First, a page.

“Only 3.5 percent of state waters are protected,” Helm argued. “The only real reserves were established in 2005. It isn’t enough that fishing is good now, you want it good forever. People who have been to the reserve at the Channel Islands, people who dive there understand. It’s amazing to see the diversity, the size of certain species.” Helm explained that the hope is that the protected areas will generate fish that “spill over” into the open areas. “Fish get more productive as they get larger. It’s an exponential gain.”
“I wish I would live long enough to see that,” the kayaker said.
The fishing lobby is a powerful force, and fishing interests are a major issue, but there are other concerns. Local surfing advocates are worried that, if areas that contain surf breaks, like the coast between Paradise Cove and Westward Beach, receive the highest level of protection, that access to the water for “non-extractive” activities like surfing and swimming may be prohibited if they are found to have a negative impact on reefs and tide pools.
Asked about the access issue, Kelly Sayce, the director of public outreach for the initiative, told the Malibu Surfside News that “People love the ocean, obviously. The MPLA’s intent is not to limit public access, that’s an important message.”
“The DFG has always had the authority to limit those types of activities,” Project Manager Melissa Miller-Henson added. “It never has. Does that mean it never will? I don’t know, but it never has.”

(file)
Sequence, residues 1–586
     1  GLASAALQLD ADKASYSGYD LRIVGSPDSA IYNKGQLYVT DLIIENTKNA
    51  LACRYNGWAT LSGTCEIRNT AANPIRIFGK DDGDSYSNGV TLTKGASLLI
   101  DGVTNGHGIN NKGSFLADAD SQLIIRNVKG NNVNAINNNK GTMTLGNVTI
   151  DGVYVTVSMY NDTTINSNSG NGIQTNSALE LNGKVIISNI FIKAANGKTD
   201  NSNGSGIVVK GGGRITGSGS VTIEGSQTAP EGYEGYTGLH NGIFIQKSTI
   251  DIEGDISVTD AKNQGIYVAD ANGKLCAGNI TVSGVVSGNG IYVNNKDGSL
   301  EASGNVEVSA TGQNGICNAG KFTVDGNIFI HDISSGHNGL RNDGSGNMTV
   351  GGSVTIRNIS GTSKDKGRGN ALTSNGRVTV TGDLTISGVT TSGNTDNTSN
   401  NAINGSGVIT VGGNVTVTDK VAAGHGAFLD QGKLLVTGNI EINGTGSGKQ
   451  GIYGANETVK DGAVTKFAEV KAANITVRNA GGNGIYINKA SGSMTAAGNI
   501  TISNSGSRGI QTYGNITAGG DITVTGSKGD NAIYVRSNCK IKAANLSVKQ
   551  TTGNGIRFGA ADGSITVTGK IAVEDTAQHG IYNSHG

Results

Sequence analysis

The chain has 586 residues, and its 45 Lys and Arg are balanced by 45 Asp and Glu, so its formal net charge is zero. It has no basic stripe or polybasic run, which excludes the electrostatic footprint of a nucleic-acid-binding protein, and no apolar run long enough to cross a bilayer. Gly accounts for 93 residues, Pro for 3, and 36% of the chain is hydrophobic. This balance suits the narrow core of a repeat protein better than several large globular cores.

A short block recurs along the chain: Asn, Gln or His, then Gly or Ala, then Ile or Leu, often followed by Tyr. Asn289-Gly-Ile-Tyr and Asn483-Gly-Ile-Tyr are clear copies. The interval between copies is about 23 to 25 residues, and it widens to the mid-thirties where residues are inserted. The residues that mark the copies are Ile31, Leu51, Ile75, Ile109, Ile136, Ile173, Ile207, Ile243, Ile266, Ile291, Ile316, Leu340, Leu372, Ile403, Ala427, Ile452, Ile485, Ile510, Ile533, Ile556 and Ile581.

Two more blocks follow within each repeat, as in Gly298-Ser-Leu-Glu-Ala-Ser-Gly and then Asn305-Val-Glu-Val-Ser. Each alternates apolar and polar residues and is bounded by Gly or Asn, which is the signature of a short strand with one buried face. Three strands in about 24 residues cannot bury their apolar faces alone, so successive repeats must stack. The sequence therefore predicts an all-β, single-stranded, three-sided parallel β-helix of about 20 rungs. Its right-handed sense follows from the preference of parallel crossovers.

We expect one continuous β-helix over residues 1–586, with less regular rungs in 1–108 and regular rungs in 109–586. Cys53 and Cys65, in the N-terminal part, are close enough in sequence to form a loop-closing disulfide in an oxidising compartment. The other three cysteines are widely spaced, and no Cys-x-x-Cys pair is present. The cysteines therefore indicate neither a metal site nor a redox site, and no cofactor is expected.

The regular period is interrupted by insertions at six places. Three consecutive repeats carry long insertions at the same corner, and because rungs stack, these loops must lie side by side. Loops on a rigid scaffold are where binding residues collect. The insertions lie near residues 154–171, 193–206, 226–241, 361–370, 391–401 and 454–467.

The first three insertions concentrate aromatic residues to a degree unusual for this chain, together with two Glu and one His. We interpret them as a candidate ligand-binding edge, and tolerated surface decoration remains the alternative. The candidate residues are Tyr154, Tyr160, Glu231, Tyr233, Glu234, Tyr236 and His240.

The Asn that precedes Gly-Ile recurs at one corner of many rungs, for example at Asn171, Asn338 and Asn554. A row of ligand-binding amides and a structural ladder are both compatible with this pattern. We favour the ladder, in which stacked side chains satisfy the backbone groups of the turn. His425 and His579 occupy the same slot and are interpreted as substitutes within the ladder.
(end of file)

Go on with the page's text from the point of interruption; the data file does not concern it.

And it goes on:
“There’s a push to share the pain,” said Merit McCrea, a member of the official stakeholder group who runs charter boats to the Channel Islands for anglers and whale watchers.
Stakeholder group member R. Kevin Ketchem, a yacht marina manager, amplified McCrea’s statement. “How would you feel if surfing is shut down? It’s the same passion as fishing. That’s the problem.”
“I don’t fish. I don’t even eat fish,” a surfer replied. “I’m all for saving the fish. I’d love to see abalone and stuff like that out there again, but I don’t see how giving up surfing would help with that.”
“Now is the time to get involved, “ Miller-Henson advised. Stakeholders, she explained, can have an impact, but only if they are willing to communicate.
The deadline for public comments is July 19. Information can we found at the DFG website at http:// www.dfg.ca.gov/mlpa/